US Reduces Iraq’s Sanction Waiver for Iran Gas, Threatening Trade

45 day waiver threatens an outgoing reversal for Trump

In trying to dictate trade and enforce sanctions, the US allows trade with Iran only with waivers. A handful of nations with economic need get waivers, usually for 180 days at a time, defining what the US will permit. The Trump Administration has been clear that those are meant to be temporary.

This meant pressure for nations like South Korea to find alternate sources for oil. One outlier is Iraq, however, which depends heavily on Iranian natural gas for electricity generation, and has no practical alternative. By necessity, they kept getting 180 day waivers as well.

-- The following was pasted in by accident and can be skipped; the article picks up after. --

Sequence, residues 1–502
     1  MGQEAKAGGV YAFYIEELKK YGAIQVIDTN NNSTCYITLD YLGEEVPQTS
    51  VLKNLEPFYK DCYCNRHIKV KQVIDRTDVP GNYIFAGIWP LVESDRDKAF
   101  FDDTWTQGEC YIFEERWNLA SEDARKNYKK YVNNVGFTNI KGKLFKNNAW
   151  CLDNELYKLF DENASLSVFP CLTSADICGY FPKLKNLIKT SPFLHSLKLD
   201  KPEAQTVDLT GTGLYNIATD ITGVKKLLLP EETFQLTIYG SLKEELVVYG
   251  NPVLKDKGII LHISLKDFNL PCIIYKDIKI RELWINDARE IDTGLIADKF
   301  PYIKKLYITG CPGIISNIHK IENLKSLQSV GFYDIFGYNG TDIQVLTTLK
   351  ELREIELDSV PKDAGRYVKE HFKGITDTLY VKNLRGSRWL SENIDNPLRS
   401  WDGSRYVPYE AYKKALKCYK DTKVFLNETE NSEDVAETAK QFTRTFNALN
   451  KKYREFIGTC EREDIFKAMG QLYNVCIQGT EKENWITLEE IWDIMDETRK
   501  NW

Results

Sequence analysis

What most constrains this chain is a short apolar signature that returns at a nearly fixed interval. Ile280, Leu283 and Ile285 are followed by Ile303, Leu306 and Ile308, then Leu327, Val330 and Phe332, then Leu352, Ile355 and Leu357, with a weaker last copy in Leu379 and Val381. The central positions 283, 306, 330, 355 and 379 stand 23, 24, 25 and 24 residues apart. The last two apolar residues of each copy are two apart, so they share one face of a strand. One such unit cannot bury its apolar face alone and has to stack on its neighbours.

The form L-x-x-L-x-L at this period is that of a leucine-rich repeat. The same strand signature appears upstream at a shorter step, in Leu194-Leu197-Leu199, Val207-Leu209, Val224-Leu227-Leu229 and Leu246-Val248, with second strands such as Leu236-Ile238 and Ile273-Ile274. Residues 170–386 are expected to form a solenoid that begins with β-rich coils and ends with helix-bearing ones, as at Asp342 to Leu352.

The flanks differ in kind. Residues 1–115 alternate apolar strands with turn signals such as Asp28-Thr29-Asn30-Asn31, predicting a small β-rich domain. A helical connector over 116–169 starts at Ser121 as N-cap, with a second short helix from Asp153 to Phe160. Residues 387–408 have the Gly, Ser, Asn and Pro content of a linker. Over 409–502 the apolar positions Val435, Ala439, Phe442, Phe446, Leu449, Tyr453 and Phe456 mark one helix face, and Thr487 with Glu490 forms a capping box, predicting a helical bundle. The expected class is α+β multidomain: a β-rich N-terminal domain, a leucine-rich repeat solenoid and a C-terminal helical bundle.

On Friday, the State Department announced this waiver will only be 45 days. It’s not hard to imagine why, as Trump’s term winds down in just under 60 days, and this will give him one last chance to potentially revoke the waivers, a chance to spite Iran one last time, and to create a crisis in Iraq.

Iraq doesn’t have other options, either, so the plan for a US revocation of the waiver is probably to simply defy them and keep importing gas. Letting the nation lost a third of its electricity isn’t an option, and the hope probably will be that Biden will fix anything Trump breaks in the last weeks of January.

Author: Jason Ditz

Jason Ditz is news editor of Antiwar.com.